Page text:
Vaccine passports coming, Furey says, as N.L. reports 5 new cases

·4 min read
Premier Andrew Furey says Newfoundland and Labrador will introduce a vaccine passport in the coming month. (Government of Newfoundland and Labrador - image credit)
Premier Andrew Furey says Newfoundland and Labrador will introduce a vaccine passport in the coming month. (Government of Newfoundland and Labrador - image credit)

Newfoundland and Labrador will be moving forward with a vaccination passport, according to Premier Andrew Furey, as the province announced five new confirmed cases of COVID-19 on Tuesday.

All of the new cases are in the Labrador-Grenfell Health region. Four are contacts of previous cases, while another is under investigation. One person is in hospital due to COVID-19.

There are also seven new presumptive positive cases: five in the Labrador-Grenfell Health region and two in the Western Health region.

With three new recoveries, there are now 35 active cases of COVID-19 in Newfoundland and Labrador. A total of 276,955 COVID-19 tests have been completed in the province, an increase of 1,031 since Monday's update.

There are now eight confirmed cases connected to an emerging cluster in the Labrador-Grenfell region. There are between 230 and 250 contacts connected to the cluster, with several large gatherings under investigation, according to Dr. Janice Fitzgerald, chief medical officer of health.

As a result of the cluster, Fitzgerald announced six communities on Newfoundland's Northern Peninsula — Roddickton-Bide Arm, Englee, Conche, Croque, St. Julien's and Main Brook — will move into Alert Level 3, which requires residents to wear face masks in indoor public spaces.

Fitzgerald said she ordered those measures due to potential community spread of COVID-19 and a low vaccination rate in the area.

The outbreak is the third cluster currently under investigation by public health. The other two are in the Eastern Health and Western Health regions, which are still under investigation.

According to Fitzgerald, around 60 per cent people living on the tip of the Northern Peninsula have been vaccinated. Across the province, 76 per cent of the eligible population have been vaccinated with two doses, while 86 per cent of the eligible population has received one dose.

Watch Tuesday's briefing:

Fitzgerald said cases are being seen across the province in people who are fully vaccinated. Of 76 positive cases since July 1, 28 were people who were fully vaccinated, 12 were partially vaccinated, and 36 were not vaccinated.

Fitzgerald added there have been 31 breakthough cases — confirmed positive cases in people who are fully vaccinated — since Dec. 16.

"Our goal is to find a way to live with [COVID], and we can do this in two ways," Fitzgerald said Tuesday. "By increasing our vaccination rate, and two, by practising our tried and true public health measures."

Vaccine passport launching in coming weeks

Furey said Newfoundland and Labrador will take a similar approach to the vaccination passport as Quebec, which recently launched its passport program through a mobile app.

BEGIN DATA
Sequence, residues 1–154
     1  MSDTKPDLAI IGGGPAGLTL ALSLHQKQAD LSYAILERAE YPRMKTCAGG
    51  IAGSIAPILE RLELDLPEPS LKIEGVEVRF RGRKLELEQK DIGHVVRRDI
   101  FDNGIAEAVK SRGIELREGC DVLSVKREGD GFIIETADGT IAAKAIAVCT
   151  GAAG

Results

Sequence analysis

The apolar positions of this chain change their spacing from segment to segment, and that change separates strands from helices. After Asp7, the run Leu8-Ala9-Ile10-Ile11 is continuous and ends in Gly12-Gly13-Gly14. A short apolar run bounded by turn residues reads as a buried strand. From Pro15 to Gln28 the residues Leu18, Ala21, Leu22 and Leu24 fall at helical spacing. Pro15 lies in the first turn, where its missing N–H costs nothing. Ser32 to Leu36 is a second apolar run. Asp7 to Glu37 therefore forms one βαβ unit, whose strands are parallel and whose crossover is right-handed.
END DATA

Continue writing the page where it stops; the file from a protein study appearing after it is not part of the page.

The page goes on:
The Quebec model was chosen due to its initial success, according to Furey, who said the province didn't want to "recreate the wheel" when it came to operating a passport.

"This will be a little bit different in that we will be using this as a tool in a toolbox," Furey said. "Quebec has a very different epidemiological status than we do … so we wanted to make sure that we have a robust toolbox enabling us to apply different tools based on the science."

WATCH: Premier Andrew Furey shares details on N.L.'s planned vaccination passport:

Furey said his government will introduce the passport within a month. He said it will use a QR code to show vaccination status, meaning it can be printed and won't require an Internet connection to use.

Vaccination passports are being used across the country to ensure people entering high-risk areas are vaccinated, along with serving as a entry requirement at some sporting events and concerts.

The announcement comes on the heels of the George Street Festival in downtown St. John's, which critics targeted for allowing large crowds of people to gather without masks or physical distancing.

Despite backlash from the community and widespread sharing of photos and videos on social media, Health Minister John Haggie said his department has not received a formal complaint about the event mishandling COVID protocols.

"We have a complaints-driven process. A posting on Facebook doesn't constitute one," Haggie said.

"The plan on paper was vetted by public health … and they were under instructions to follow it. We have as yet in my department not had any formal complaints or allegations that this was not the case."

As part of the vaccination passport announcement, Haggie said Newfoundlanders and Labradorians vaccinated outside the province will soon be able to receive vaccination documentation through an online portal that will launch Thursday.

No current changes to masking in schools

Monday's report from the Health Department — which announced 15 new confirmed cases — also called for a delayed opening of three schools in the Roddickton-Bide Arm area to allow time for contact tracing. The schools are Cloud River Academy in Roddickton-Bide Arm, H.G. Fillier Academy in Englee and Mary Simms All Grade in Main Brook.

Government of Newfoundland and Labrador
Government of Newfoundland and Labrador

As other schools in the province prepare to reopen, Fitzgerald said public health is not ready to reintroduce mandatory masks in schools, but is prepared to change its position.

"Thankfully, the majority of students in our province will return to a low-risk environment," she said.

Fitzgerald said 70 per cent of the eligible population aged 12 to 19 are fully vaccinated, while 84 per cent of that age group have received at least one dose.

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